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Wimps lift weights, cheerleaders lift people

September 24, 2010

With football season underway, it’s hard to pick out what the fans pay attention to. Is it the actual game, being social with their friends, or the girls on the track with the physical energy and outgoing personalities?

There are many   arguments for why people think or don’t think cheerleading is a sport. I can understand both sides here, but being a cheerleader I’m obligated to go against those who think it shouldn’t be considered a sport.

Cheerleading has come a long way on our very own campus. Since my freshman year, we have become recognized by the school as a club of sorts and now we are competing at the National Cheerleading Association competition in Daytona Beach, Florida on April 6-10, 2011. When people find out that we qualified they start to respect us more and begin to say we are somewhat a sport.

In my opinion, I do believe cheerleading is a sport. You might think this is a little biased because I am one but that’s not the case at all. Have any of you tried picking up a girl above your head and had her fall on you? I believe cheerleading is a sport, a contact one, because in all my years of cheering, I’ve been hit in the face, gotten multiple bruises, and become a stronger person from it.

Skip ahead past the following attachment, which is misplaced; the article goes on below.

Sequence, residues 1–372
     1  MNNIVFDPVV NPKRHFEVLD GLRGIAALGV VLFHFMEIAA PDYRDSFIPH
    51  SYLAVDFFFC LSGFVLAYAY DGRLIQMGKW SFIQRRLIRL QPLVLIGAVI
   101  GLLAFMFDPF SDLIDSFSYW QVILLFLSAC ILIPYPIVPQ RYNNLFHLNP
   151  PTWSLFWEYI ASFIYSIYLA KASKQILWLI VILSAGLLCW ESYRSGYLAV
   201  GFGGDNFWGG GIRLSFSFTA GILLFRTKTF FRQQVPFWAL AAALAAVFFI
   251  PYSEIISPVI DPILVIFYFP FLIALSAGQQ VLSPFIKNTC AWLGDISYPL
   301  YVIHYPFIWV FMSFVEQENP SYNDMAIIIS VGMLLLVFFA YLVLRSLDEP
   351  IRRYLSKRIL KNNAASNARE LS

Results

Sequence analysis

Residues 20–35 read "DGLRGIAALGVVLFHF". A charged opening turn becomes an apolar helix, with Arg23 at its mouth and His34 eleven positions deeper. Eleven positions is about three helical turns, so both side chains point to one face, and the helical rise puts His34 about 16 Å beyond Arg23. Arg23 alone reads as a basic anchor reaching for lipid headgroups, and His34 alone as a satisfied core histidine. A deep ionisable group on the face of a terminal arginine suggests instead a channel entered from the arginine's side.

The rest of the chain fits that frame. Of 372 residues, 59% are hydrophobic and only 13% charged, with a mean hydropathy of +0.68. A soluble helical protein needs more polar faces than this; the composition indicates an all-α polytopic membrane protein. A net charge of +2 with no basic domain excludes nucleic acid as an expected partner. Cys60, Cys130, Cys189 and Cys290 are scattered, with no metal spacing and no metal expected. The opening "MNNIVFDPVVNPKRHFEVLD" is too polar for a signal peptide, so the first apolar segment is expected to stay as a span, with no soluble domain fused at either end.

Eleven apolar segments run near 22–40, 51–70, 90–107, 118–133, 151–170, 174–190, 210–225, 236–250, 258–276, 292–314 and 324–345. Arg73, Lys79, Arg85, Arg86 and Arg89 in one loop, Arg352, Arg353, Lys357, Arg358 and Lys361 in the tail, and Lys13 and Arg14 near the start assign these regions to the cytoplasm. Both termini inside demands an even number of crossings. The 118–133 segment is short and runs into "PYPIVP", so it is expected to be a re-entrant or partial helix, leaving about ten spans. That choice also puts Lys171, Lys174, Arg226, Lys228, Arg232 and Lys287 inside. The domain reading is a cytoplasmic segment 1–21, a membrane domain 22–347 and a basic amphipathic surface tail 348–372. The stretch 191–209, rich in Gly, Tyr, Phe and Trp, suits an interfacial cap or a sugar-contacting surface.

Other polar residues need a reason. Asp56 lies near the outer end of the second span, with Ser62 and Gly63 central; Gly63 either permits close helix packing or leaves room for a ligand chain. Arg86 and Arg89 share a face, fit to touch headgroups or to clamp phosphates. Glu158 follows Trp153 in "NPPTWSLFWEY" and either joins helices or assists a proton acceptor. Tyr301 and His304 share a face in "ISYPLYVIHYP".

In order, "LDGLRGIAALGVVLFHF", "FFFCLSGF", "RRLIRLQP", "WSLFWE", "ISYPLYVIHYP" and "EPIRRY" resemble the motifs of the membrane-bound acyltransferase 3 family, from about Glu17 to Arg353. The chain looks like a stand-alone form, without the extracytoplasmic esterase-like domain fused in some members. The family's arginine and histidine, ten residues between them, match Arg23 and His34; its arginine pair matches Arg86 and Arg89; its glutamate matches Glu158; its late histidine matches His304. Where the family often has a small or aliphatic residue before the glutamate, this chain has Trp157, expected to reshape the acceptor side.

You have to be fearless as a cheerleader. Knowing that when you throw someone in the air, or you’re being thrown in the air, you have to trust every girl who is in your group. You have to know what every girl around you is thinking in a way because you don’t want to drop that girl or be dropped. This example makes cheerleading a mental sport also.

Just like every other sport on campus, we practice everyday. We have cardiovascular/lifting on Monday, Wednesday, and Friday and we have practice on Tuesday and Thursday, and an occasional game on Saturday. We have worked our butts off to get where we are today. There has been such a great improvement in the squad since my freshman year and it can only keep getting better.

Often people ask me, “Why are you working out for cheerleading?” It’s a simple question to answer. We work our butts off. To become prepared for the competition level we have to be in enough shape to do the routine over and over again. We have to know the routine forward and backward and in our sleep. You may think this is easy but having a three minute routine, with tumbling, dancing, stunting, and cheering in it takes a lot of energy.

For our homecoming routines we have guys participate. This includes football players, water polo players, and baseball players. They have said to us, “This is kind of hard.” I feel that before someone can judge if it’s a sport or not that they should try cheerleading for a day. We have an image to protect and have to look professional everywhere we go. Before you judge if cheerleading is a sport or not, you should take a walk in our shoes and try to be a cheerleader for a day. It’s not as easy as it seems.

BY KELSEY BESHEARS
Co-Sports Editor

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